Loiter around the start of any open water triathlon and you will see as many different wetsuits as competitors.
In Ireland the water conditions are rarely near or above the limits set by ITU governing the requirement of compulsary wetsuits in the swim leg, so inevitably you must wear a wetsuit in triathlon racing in Ireland.
As a result anyone trying out triathlon will reach for the old surfing suit in the shed or borrow one from a friend. A wetsuit is a wetsuit. Right?
Not really, well, not at all to be honest.
A surfing wetsuit is designed to keep you warm when surfing or sailing. You are up, exposed to the elements and need to keep warm. Hence the 5mm or 7mm thickness of the neoprene or Winter suit / /Summer suit to help retain some body heat. Also the neoprene is quite tough as it has to withstand the occasional contact with a board or deck or rock etc.
When swimming you are immersed in the water (which may be cold but at least no wind chill) only have to worry about contact with other bodies in the water and are looking for a wetsuit which has a number of important primary features:
Warmth– The neoprene or rubber material traps a small layer of water close to the skin that is warmed by core body temperature and delays hypothermia in water.
Buoyancy– The wetsuit provides safe and fear-reducing buoyancy, but should not be relied upon as a life preserver. However, increased confidence in the open water can be another benefit.
Speed– Reduction of drag, the effects of providing buoyancy to the hips and legs, and the ease of breathing and sighting all contribute to a 10% or greater reduction in time over an Olympic distance swim (3-5 minutes!).
Energy Conservation– This should be your goal on the swim, since you still have some biking and running left to do!
After that, proprietary features like, body roll panels, forearm friction, zip up / zip down, easy on / off cuffs, Yamamoto neoprene, silicon coating, number of panels, all work to improve the fit and the function of the wetsuit in use. They also generally add cost to the wetsuits too.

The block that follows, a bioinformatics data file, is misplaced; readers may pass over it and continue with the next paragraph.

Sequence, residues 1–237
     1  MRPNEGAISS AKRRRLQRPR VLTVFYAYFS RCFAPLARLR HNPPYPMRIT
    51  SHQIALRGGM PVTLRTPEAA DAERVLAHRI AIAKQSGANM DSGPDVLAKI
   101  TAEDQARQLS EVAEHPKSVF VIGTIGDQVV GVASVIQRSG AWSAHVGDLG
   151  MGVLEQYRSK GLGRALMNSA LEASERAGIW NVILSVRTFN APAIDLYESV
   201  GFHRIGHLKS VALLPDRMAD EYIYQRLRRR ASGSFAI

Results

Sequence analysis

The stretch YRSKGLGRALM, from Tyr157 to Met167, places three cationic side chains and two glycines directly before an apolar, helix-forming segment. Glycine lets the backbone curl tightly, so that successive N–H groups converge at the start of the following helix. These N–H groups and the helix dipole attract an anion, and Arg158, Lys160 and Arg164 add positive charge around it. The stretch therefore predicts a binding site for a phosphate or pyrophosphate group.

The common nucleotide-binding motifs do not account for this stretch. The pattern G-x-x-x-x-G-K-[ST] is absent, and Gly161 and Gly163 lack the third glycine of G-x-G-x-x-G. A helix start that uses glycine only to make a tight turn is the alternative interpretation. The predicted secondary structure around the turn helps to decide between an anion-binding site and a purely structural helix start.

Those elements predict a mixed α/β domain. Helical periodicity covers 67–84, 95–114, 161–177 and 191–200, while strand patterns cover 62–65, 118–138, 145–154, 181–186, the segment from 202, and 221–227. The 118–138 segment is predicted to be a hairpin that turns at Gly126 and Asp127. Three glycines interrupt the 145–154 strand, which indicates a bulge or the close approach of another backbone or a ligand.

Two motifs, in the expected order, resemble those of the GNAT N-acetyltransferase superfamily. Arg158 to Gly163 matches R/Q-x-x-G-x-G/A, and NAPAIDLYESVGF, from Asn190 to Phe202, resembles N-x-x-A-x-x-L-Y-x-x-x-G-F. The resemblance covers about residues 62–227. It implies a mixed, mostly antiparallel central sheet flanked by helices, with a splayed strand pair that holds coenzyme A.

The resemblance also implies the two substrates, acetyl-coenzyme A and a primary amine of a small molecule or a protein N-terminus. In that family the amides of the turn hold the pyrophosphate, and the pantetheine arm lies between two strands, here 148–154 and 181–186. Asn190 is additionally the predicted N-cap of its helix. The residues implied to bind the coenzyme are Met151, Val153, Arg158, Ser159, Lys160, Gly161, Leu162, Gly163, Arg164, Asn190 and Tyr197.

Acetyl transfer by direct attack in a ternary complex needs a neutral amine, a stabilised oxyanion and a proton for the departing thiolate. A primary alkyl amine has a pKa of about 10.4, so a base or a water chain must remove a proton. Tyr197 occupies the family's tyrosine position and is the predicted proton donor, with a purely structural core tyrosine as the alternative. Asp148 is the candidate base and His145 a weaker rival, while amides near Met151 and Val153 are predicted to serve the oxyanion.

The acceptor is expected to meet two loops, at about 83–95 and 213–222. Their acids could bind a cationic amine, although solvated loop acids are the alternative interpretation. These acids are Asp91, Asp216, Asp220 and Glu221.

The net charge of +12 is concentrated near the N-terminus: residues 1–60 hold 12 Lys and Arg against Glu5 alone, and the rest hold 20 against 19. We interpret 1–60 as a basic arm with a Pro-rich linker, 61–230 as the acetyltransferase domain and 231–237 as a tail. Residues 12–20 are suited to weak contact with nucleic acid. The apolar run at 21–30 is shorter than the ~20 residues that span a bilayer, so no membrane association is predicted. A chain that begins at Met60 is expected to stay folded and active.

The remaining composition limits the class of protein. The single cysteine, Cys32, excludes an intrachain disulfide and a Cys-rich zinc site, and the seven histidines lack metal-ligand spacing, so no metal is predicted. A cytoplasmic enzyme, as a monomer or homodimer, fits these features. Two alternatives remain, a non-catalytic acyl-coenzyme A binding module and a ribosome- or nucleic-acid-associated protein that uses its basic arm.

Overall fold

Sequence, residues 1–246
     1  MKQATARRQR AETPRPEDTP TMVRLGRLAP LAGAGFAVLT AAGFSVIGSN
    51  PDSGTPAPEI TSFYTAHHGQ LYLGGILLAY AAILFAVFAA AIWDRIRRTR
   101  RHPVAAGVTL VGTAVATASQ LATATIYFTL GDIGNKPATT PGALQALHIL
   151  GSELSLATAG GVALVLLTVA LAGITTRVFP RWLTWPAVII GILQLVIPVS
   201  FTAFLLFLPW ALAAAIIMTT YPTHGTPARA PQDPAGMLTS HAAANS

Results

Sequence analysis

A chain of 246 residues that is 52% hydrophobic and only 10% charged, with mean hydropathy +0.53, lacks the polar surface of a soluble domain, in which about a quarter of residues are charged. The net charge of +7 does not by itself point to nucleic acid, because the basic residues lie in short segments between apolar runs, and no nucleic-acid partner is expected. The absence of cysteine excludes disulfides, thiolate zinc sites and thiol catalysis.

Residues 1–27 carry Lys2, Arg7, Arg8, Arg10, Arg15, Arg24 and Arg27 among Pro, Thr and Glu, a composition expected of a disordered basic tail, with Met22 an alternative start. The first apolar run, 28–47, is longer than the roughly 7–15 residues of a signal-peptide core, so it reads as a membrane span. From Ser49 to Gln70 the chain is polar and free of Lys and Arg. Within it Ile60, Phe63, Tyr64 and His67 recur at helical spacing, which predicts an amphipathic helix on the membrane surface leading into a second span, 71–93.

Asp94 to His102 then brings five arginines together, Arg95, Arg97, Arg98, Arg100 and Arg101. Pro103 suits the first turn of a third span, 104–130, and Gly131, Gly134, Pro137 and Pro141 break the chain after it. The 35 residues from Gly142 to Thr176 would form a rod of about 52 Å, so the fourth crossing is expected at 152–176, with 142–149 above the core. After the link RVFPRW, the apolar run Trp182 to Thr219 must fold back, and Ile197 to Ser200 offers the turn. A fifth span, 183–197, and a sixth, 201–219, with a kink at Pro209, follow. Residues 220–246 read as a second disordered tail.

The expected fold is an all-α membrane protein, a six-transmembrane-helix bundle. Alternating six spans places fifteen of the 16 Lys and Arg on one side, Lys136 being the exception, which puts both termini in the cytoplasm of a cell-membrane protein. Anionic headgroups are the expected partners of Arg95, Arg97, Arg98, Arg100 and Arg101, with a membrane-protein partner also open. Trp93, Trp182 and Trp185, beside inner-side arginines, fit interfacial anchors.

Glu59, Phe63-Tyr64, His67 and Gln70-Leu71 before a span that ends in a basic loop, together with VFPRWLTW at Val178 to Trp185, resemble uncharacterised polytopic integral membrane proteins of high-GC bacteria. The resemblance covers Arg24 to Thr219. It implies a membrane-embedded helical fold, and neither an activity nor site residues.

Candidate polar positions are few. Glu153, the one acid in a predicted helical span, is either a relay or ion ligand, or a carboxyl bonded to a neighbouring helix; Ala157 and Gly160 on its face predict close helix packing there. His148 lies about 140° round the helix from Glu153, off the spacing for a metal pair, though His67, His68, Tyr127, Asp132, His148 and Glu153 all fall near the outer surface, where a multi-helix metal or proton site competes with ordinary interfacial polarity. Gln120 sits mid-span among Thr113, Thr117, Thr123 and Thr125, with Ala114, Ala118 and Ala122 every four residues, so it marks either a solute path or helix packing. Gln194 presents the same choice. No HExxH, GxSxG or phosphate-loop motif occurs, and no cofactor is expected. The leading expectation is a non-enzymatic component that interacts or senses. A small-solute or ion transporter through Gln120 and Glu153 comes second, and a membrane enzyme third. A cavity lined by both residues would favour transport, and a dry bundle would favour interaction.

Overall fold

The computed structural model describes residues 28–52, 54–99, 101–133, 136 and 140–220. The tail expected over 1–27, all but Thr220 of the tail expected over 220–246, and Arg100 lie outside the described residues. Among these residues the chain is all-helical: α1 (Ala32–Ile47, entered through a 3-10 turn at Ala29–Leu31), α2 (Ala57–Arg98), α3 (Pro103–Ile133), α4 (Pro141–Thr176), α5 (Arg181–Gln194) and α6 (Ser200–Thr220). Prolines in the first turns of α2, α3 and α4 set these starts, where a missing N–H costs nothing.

How should a wetsuit fit?
- Snug but not tight.
- No folds or excess material.
- Retaining shoulder mobility is important!
- The fit of the neckline is a consideration so that you don’t feel like you are being suffocated.
- Make sure that the arm an leg holes are equally snug so they do not act as scoops to pull in water = extra weight.
- Many wetsuit styles offer different zipper options for the back and even legs. This comes down to personal preference for when you put it on and take it off during a race.
Of course when it comes to buying your wetsuits, whether its your first entry level suit or you are trading up to an advanced level after a couple of seasons racing, the staff at GottaRun are on hand to help you sift through the choice and pick your perfect match.
We will work with you to identify the suit that will best suit your swimming abilities and your goals. Then selecting the correct size for you and possibly the most important thing, advising you on how to put it on properly.
We also host wetsuit clinics through the early part of the season as we get ready for open water swimming. Watch out for these Tri-it–Out sessions as these are a perfect opportunity to test a new wetsuit for fit and function in the safety of a swimming pool.